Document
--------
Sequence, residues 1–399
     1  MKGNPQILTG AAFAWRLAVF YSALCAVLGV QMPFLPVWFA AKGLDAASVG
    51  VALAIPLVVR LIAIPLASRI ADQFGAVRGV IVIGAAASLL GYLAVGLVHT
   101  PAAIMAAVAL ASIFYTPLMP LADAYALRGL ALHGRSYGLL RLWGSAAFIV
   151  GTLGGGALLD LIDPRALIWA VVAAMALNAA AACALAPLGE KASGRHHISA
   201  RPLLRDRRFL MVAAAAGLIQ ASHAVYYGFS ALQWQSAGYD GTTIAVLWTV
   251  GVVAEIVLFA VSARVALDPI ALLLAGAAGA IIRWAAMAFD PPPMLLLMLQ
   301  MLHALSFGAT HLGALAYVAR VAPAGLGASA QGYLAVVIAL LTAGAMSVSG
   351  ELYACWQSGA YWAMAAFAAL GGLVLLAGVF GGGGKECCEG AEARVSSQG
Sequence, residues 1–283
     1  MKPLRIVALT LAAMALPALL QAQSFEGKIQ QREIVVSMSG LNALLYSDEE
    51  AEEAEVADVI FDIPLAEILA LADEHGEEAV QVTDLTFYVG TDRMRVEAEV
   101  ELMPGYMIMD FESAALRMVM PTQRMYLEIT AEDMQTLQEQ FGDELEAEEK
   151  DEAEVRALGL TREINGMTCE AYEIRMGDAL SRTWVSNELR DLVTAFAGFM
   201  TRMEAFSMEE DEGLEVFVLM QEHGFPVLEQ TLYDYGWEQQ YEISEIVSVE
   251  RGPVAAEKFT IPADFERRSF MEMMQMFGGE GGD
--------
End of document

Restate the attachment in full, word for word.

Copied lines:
Sequence, residues 1–399
     1  MKGNPQILTG AAFAWRLAVF YSALCAVLGV QMPFLPVWFA AKGLDAASVG
    51  VALAIPLVVR LIAIPLASRI ADQFGAVRGV IVIGAAASLL GYLAVGLVHT
   101  PAAIMAAVAL ASIFYTPLMP LADAYALRGL ALHGRSYGLL RLWGSAAFIV
   151  GTLGGGALLD LIDPRALIWA VVAAMALNAA AACALAPLGE KASGRHHISA
   201  RPLLRDRRFL MVAAAAGLIQ ASHAVYYGFS ALQWQSAGYD GTTIAVLWTV
   251  GVVAEIVLFA VSARVALDPI ALLLAGAAGA IIRWAAMAFD PPPMLLLMLQ
   301  MLHALSFGAT HLGALAYVAR VAPAGLGASA QGYLAVVIAL LTAGAMSVSG
   351  ELYACWQSGA YWAMAAFAAL GGLVLLAGVF GGGGKECCEG AEARVSSQG
Sequence, residues 1–283
     1  MKPLRIVALT LAAMALPALL QAQSFEGKIQ QREIVVSMSG LNALLYSDEE
    51  AEEAEVADVI FDIPLAEILA LADEHGEEAV QVTDLTFYVG TDRMRVEAEV
   101  ELMPGYMIMD FESAALRMVM PTQRMYLEIT AEDMQTLQEQ FGDELEAEEK
   151  DEAEVRALGL TREINGMTCE AYEIRMGDAL SRTWVSNELR DLVTAFAGFM
   201  TRMEAFSMEE DEGLEVFVLM QEHGFPVLEQ TLYDYGWEQQ YEISEIVSVE
   251  RGPVAAEKFT IPADFERRSF MEMMQMFGGE GGD